6,095 total views, 1 views today
At its very root, society is structured around the human need for sleep. Our standard eight-hour workday runs from 9 a.m. to 5 p.m. to reflect the ways that sunrise and sundown affect our sleep cycles. We choose whether to attend certain events based on whether doing so will leave us with enough sleep to feel properly rested at work the next day.
But how much sleep do we really need? From the time we’re young, it’s drilled into our heads that we should be getting eight hours of sleep every night. We’re also often told that we spend as much as one-third of our lives asleep. However, the amount of sleep we need varies somewhat based on age.
According to two years of research conducted by the National Sleep Foundation (NSF), we require as few as 7 and as many as 17 hours of sleep per day at different points in our lives. It goes without saying that adults should not be sleeping 17 hours per day — only newborns zero to three months old should be sleeping so often. Infants four to 11 months old should sleep 12-15 hours, toddlers one to two years old should sleep 11-14 hours, and preschoolers three to five years old should sleep 10-13 hours.
When we enter our kindergarten years, that’s when we begin to fall into daily sleep ranges that better resemble the amounts we’re often told. At five through 13 years old, children should sleep nine to 11 hours (and many adults will attest that the occasional night spent asleep for this many hours is truly revitalizing). Teenagers 14 through 17 years old require the standard eight to 10 hours that many associate with good sleep, and adults require as few as seven and as many as nine hours. Note that the eight hours of sleep most frequently associated with proper rest falls exactly in the middle of this adult sleep amount range.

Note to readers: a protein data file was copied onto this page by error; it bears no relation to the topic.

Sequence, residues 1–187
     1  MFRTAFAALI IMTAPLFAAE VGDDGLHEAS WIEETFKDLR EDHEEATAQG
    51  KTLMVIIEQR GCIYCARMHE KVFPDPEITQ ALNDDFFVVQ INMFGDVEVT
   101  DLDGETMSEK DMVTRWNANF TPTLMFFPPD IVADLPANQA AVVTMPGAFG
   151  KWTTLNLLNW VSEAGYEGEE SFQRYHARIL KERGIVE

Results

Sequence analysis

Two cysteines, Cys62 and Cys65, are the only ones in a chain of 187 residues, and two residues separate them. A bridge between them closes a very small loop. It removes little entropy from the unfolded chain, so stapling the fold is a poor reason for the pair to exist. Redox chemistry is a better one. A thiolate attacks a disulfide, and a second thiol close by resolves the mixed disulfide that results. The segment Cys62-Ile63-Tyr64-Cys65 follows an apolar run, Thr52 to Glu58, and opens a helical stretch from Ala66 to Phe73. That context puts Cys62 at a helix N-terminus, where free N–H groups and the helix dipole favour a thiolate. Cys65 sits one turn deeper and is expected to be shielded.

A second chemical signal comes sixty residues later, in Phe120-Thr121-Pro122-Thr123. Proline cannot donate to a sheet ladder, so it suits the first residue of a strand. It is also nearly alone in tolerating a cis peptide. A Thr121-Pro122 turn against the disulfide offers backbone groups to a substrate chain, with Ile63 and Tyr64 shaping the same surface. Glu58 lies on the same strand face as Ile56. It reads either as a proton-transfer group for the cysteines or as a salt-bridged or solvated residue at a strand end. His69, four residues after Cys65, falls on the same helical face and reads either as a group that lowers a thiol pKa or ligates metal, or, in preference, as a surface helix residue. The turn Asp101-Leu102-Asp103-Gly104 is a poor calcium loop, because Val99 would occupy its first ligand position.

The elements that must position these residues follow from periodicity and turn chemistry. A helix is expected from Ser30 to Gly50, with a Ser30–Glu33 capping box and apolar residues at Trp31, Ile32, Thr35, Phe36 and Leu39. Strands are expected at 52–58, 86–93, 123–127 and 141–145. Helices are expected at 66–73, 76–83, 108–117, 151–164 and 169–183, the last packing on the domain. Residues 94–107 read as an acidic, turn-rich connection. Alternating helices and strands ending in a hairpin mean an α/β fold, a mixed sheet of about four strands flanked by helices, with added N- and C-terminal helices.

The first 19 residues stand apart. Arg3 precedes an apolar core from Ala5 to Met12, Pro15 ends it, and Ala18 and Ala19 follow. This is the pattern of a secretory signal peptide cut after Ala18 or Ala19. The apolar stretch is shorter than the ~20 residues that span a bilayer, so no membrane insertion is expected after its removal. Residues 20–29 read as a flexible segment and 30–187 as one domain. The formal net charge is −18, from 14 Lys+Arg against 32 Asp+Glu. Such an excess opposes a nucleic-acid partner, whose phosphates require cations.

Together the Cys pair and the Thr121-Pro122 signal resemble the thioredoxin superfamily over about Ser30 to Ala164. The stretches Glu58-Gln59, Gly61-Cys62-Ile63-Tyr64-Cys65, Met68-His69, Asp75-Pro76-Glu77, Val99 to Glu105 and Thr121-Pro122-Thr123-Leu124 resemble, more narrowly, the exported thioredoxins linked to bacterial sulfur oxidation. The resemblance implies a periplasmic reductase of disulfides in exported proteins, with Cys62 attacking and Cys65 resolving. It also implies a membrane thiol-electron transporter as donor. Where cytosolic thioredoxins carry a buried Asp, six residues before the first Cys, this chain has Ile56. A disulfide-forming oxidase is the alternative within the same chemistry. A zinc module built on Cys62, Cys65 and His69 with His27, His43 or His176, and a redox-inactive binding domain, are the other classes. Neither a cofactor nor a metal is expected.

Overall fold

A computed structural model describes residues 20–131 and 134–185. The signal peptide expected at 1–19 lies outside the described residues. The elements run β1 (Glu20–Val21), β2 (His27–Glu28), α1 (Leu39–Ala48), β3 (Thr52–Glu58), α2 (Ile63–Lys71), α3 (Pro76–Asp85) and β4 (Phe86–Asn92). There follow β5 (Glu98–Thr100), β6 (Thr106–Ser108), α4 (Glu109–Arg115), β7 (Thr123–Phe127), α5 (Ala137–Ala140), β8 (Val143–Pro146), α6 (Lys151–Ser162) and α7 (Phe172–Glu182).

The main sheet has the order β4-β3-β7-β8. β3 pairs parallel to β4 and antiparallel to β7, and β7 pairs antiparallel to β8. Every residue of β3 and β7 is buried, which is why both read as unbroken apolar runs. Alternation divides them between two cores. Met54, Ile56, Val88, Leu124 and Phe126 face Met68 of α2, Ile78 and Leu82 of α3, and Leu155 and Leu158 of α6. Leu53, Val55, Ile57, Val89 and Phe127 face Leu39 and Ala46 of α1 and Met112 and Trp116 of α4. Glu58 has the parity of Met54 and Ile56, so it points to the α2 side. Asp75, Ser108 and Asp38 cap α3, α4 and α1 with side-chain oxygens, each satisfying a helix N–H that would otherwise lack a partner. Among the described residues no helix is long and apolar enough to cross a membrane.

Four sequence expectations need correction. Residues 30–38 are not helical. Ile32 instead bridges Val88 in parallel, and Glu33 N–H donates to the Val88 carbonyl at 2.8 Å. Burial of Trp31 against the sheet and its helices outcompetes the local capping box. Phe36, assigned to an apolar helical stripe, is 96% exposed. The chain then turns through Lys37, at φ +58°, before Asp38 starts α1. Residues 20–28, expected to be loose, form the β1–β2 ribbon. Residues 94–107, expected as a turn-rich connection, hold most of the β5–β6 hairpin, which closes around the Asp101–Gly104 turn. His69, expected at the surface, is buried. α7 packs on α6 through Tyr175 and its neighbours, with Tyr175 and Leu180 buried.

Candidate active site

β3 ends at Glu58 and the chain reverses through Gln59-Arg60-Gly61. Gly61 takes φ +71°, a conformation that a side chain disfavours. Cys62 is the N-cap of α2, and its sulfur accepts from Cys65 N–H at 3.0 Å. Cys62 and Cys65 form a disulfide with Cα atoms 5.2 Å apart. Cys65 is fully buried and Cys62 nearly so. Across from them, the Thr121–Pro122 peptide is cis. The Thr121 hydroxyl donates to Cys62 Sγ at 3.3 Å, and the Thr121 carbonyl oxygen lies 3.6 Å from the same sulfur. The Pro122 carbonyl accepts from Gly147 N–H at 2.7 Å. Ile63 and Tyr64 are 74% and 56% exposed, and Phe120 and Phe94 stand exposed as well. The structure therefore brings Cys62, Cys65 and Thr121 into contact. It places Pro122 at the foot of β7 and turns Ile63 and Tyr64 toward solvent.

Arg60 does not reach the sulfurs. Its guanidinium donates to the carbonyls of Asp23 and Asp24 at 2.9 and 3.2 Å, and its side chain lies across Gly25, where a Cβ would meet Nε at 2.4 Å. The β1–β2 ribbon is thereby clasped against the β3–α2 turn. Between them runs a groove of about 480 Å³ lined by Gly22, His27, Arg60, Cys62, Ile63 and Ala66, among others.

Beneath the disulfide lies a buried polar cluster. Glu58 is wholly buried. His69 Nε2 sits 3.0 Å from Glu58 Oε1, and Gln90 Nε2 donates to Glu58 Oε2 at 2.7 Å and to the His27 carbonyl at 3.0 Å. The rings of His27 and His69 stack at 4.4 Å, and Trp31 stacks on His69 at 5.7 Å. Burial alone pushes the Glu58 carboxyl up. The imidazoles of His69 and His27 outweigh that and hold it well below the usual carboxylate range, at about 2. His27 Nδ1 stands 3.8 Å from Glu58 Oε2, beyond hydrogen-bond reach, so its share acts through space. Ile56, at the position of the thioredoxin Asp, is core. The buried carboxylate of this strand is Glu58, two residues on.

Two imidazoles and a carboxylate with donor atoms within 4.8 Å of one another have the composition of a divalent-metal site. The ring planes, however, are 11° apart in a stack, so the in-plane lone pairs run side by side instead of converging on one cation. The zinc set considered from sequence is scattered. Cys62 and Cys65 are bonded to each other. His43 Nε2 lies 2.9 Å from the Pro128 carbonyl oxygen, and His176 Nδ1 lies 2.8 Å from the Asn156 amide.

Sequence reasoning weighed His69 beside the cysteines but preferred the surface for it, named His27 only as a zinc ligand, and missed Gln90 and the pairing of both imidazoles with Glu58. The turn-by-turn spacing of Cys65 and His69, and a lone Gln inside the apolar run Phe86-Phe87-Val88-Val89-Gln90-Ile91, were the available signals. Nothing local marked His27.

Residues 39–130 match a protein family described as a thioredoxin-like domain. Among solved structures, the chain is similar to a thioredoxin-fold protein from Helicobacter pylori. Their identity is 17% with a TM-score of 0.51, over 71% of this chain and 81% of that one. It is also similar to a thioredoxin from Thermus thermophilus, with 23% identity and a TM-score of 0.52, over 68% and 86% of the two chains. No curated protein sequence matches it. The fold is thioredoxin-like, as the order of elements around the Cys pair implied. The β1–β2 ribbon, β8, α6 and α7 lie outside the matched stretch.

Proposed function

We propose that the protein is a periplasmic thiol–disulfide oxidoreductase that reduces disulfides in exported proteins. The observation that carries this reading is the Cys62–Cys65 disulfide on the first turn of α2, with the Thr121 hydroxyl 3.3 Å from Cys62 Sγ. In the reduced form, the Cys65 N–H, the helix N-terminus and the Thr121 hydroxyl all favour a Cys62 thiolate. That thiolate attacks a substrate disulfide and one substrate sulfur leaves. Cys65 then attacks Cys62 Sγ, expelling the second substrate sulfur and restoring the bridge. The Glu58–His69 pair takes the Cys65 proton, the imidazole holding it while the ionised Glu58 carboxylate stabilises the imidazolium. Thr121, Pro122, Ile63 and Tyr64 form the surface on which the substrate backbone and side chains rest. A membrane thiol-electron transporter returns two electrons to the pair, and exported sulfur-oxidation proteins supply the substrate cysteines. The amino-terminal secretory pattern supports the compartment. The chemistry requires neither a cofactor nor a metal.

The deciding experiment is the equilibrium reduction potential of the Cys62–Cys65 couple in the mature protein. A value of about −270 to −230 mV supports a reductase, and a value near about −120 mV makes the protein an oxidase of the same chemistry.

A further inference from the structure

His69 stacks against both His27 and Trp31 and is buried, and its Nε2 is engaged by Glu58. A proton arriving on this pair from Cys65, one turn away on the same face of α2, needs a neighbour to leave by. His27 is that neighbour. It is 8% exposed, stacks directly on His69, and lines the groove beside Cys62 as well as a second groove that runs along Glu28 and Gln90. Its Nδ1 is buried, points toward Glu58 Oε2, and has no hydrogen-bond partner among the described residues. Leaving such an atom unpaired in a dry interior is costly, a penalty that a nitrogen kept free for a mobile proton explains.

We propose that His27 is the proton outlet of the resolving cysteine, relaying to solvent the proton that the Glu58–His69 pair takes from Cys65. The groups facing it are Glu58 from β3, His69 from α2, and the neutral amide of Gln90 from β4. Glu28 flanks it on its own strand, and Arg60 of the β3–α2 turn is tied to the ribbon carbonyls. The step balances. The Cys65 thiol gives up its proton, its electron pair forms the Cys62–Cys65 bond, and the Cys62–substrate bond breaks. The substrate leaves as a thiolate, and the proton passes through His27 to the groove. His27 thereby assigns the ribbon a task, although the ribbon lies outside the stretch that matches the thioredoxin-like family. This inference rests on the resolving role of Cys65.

It’s just as important to note that all these sleep recommendations are ranges. No one amount of sleep per night will be perfect for all people in a certain age bracket. What’s more, no person sleeps perfectly every night. The omnipresence of blue light from smartphone screens, caffeinated drinks, and alarm clock usage certainly don’t help us achieve ideal, undisturbed sleep.
The amount of sleep we need may also vary by our lifestyles. Athletes, for instance, may require more (and deeper) sleep to properly recover from the stresses that their sports induce on their bodies. Some entrepreneurs have also claimed, in an attempt to motivate themselves and their coworkers or employees to work harder and more frequently, that adults need at most five hours of sleep per night to be healthy.
However, studies in addition to those performed by the NSF have debunked this false notion. Studies conducted at the NYU Langone Health’s School of Medicine came to a similar conclusion. The average adult, this NYU study says, should sleep somewhere between seven and 10 hours per night. This range allows adults to sleep one additional hour, as compared to the NSF range, and still be considered healthy. Many of us are likely to take advantage of that one hour difference — we all live for sleep.